As a mixed-race Briton it is clear to me that racial stereotyping pervades much press coverage of the Duchess of Sussex, Meghan Markle, writes Alice Bettis Marsh. The row exposes an experience common to those of dual heritage in the UK.
The news that the Duke and Duchess of Sussex are stepping back as “senior royals” has taken the UK’s media by storm over these past two weeks, dominating front pages and broadcast news cycles.
But prior to the national outcry, before Britain’s newsrooms poured hours into analysing what had led up to this shock announcement and hours before Piers Morgan’s latest tirade, I read about the couple’s announcement via their Instagram Page “Sussex Royal“.
And honestly, this news did not come as a shock to me. It felt almost inevitable.
Much of the British media’s attitude to Meghan can be gleaned from looking at the stark contrast in its coverage of her sister-in-law, Kate Middleton. This drastic difference is highlighted so effectively by Buzzfeed’s comparison of 20 headlines in the British tabloids which shame Megan for the same things for which Kate is praised.
One example, since named “Avocado-gate”, could be easily confused as satire. Prince William is applauded for gifting his wife an avocado to cure her morning sickness. While Meghan’s “beloved avocados” are condemned as the fruits of human rights abuses, drought and shame. While humorous, this piece on Meghan’s fruit and veg selection is just one of many illustrating a double standard applied to Meghan within the British media.
Many who work in the media have defended their critical coverage of Meghan by highlighting the public interest in holding the Royal family to account. I agree it is vital to shine a light on what is an inherently undemocratic institution.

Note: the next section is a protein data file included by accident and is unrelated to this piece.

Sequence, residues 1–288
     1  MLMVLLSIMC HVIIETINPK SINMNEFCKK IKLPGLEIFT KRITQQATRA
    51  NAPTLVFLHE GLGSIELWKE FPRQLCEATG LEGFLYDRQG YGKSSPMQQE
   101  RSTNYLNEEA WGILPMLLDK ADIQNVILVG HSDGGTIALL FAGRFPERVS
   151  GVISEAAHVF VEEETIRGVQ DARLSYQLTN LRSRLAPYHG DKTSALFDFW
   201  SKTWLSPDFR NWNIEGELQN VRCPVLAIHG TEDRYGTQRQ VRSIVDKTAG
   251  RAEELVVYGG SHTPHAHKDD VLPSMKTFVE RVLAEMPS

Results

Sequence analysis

But how do you explain the extent of negative coverage Meghan receives when much of the press appears fawning and deferential in its approach to other Royals?
The ‘Angry Black Women Trope’
Much of the wider coverage surrounding the Royal crisis characterises Meghan as difficult, aggressive and abrasive – dubbed by The Sun as the “Difficult Duchess”. Historically, black women have long suffered from such stereotypes. Considered “difficult”, “aggressive” and “hostile”, commonly referred to as “Angry Black Women”.
This trope was a hallmark of the Jim Crow era, where racial segregation was enforced in the United States in the late 19th until the mid-20th centuries. And it is a stereotype which continues to pervade much of Western media.
One just has to look at the infamous “sassy black woman” trope used endlessly by Hollywood. The protagonist’s black best friend, there to provide a feisty comment, a finger snap and, ultimately, to be laughed at. It is visible also in the caricatures of Serena Williams at the US Open Final, reminiscent of Jim Crow-era cartoons. Black women are often characterised as demanding and ‘diva-ish’ – and the coverage of Meghan is no exception.